This is the simplest way to avoid wasting food and so many of us do not do it! Plan your meals, try to incorporate the food you already have into them, write out a shopping list of all the ingredients you will need (after you have checked your fridge, freezer and cupboard to make sure you don’t already have them) and then buy only what you need. Remember, its not a bargain if you end up throwing it out – don’t get sucked into buying more that you need. Oh, and keep a pen and paper near your fridge so you can write down things as you run out of them.

Don’t over cook & always use your leftovers

Its sounds great in theory, making 5L of stew all in one go. You can eat some for dinner, have left overs for lunch the next two days and freeze the rest. But in reality, you eat it for dinner and don’t feel like it the next day so grab something else and the batches that you put in the freezer get forgotten about and eventually thrown out. Right? So, cook only what you really need and what you will actually eat. Be realistic! Make an absolute point of eating your leftovers. Revamp them! I will put just about anything in the fry pan and scramble an egg or two into it for breakfast. Turn left over veggies into a stir fry or a chunky dip. Use leftover roast beef or steak for a thai salad. Use your leftover herbs to make pesto or herb butter. Use the leaves from your celery as greens in a salad, they are delish! Add chicken or tuna to a leftover salad to turn it into a complete meal. Use the bones from your roast chicken to make an incredibly nutrient dense broth. And sprinkle your potato peels with salt and pepper and some ghee, then roast. There is so much you can do, get your creative pants on!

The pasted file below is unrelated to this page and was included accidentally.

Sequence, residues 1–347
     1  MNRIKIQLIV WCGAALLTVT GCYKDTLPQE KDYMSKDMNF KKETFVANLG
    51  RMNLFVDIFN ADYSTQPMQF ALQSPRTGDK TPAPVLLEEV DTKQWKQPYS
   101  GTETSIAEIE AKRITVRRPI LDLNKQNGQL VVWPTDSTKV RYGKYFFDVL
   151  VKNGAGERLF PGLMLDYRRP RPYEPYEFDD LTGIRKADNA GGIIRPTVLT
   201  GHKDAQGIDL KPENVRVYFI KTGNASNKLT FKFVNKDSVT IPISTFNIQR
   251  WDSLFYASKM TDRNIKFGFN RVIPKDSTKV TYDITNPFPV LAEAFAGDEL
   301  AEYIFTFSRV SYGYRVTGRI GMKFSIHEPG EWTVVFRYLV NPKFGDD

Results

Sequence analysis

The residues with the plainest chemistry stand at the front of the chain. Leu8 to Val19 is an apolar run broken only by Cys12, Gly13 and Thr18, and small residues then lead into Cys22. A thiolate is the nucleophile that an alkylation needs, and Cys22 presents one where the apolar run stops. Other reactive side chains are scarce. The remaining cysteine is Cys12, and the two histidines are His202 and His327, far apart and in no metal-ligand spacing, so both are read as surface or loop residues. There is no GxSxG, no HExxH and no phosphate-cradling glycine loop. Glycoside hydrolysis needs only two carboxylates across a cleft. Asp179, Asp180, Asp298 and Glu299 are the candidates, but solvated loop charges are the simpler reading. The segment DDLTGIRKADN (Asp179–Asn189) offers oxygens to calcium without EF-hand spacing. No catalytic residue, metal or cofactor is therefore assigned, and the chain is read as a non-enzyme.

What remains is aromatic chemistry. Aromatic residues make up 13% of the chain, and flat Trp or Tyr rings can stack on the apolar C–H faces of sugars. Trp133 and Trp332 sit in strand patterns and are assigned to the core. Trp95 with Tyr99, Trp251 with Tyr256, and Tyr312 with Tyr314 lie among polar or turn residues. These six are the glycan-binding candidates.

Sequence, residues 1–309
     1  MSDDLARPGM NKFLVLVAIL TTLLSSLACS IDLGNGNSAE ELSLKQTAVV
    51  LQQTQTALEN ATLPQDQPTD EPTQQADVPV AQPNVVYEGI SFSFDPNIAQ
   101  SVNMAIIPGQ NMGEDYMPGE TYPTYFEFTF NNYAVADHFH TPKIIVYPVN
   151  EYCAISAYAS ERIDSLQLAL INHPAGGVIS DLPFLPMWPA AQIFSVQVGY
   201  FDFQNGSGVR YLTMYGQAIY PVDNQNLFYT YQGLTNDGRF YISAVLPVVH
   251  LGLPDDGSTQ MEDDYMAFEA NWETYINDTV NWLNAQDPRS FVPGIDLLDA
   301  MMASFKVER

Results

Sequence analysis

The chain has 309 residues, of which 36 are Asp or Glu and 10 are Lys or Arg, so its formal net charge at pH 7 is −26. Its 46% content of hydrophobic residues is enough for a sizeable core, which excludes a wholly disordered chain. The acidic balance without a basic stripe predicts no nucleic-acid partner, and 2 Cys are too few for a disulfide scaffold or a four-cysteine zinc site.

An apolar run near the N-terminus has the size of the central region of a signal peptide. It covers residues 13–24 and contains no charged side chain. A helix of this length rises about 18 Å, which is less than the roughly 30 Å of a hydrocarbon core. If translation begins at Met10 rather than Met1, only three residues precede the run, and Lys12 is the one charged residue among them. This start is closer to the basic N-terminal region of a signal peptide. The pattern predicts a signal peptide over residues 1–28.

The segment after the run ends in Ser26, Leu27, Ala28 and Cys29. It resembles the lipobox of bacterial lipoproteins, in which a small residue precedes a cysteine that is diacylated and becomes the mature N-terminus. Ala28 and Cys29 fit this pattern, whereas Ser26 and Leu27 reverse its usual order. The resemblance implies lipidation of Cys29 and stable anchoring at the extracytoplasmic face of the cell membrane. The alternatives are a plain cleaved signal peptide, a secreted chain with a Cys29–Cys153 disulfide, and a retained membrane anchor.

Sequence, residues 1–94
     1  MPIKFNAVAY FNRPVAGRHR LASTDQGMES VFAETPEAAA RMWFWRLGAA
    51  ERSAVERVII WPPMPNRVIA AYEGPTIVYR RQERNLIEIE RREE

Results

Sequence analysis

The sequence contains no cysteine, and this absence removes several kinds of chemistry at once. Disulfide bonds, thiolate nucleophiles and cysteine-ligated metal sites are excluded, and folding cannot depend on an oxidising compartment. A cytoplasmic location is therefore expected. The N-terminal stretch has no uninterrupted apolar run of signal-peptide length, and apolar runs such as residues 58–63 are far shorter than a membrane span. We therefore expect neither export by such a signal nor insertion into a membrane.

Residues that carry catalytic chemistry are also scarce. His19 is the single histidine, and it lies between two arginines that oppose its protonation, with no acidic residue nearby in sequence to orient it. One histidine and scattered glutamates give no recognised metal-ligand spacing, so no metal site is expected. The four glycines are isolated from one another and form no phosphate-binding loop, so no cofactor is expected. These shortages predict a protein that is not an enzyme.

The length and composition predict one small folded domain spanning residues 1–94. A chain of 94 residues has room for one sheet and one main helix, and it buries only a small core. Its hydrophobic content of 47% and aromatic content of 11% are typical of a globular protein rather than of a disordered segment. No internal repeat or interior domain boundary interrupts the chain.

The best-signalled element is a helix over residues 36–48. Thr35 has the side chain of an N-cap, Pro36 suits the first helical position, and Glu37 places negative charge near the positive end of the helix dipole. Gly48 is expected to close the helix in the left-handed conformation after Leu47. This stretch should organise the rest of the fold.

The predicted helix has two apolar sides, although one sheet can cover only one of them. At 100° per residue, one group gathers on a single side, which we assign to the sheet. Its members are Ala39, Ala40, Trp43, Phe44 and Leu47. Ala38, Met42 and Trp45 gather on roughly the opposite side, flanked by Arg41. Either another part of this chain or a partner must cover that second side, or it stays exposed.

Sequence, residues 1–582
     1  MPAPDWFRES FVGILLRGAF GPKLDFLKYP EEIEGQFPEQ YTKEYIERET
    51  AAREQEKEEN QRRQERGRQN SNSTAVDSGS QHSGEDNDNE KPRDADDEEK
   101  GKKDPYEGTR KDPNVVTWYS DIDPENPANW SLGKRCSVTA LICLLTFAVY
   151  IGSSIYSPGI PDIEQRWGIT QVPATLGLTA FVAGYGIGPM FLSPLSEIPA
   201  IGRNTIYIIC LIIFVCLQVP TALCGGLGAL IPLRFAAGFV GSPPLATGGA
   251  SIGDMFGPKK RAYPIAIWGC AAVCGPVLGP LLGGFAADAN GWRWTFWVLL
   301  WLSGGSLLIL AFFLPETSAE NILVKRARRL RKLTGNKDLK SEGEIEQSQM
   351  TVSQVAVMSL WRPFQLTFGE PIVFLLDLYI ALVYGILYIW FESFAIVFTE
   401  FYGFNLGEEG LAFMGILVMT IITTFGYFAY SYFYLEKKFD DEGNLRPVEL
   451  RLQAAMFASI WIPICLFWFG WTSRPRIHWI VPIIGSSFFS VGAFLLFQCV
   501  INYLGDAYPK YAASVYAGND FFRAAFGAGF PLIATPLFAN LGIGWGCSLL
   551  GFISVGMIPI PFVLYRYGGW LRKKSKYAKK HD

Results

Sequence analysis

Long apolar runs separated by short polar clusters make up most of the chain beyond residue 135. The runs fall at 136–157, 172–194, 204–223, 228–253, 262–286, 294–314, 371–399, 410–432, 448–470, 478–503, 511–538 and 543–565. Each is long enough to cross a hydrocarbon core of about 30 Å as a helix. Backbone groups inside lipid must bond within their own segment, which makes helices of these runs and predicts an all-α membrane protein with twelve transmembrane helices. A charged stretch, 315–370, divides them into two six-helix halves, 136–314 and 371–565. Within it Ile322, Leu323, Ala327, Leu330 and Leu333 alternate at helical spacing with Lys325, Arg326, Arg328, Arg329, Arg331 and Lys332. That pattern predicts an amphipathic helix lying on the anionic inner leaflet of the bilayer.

Some foods will last longer than others. Salad foods and leafy greens won’t last as long as potatoes for example. Use these items first (this comes back to planning your meals) and if needed, shop for these things more often rather than buying in bulk and risking it perishing. If something is going to spoil, freeze it. It’s probably the best and easier way to preserve your fresh food. Or why not invite people over for dinner if you have food that needs to be eaten straight away? Also, learn the difference between a use by date & best before date here  and get a run down of how long food will last here. As a last resort, use the compost bin because this is still better than the trash. Oh and just a little fact: Some fruits ripen faster in the presence of ethylene gas. Bananas give off huge amounts of ethylene gas, so don’t keep them in the fruit bowl.

Do you have any ideas for minimising food waste? Or a great idea for using leftovers? Feel free to share them in the comments section below.


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2 thoughts on “Food wastage – The environmental issue we overlook

  1. I am freezing my kale and leafy greens that don’t get used during the week in small bags and using them in smoothies or sautee them in a stir fry. Blending fruit that is close to it’s use by and making them into dehydrated fruit straps or ice blocks. I have also bought a product Keep Fresh that is stored in the fruit & veggie compartments of the fridge that is safe & non-toxic keeping F&V fresher a lot longer and only $19 for a 12 month supply.

    1. Love those ideas! I haven’t made fruit straps yet but they sound really good. The Keep Fresh is great! Thanks for sharing that one I had never even heard of it.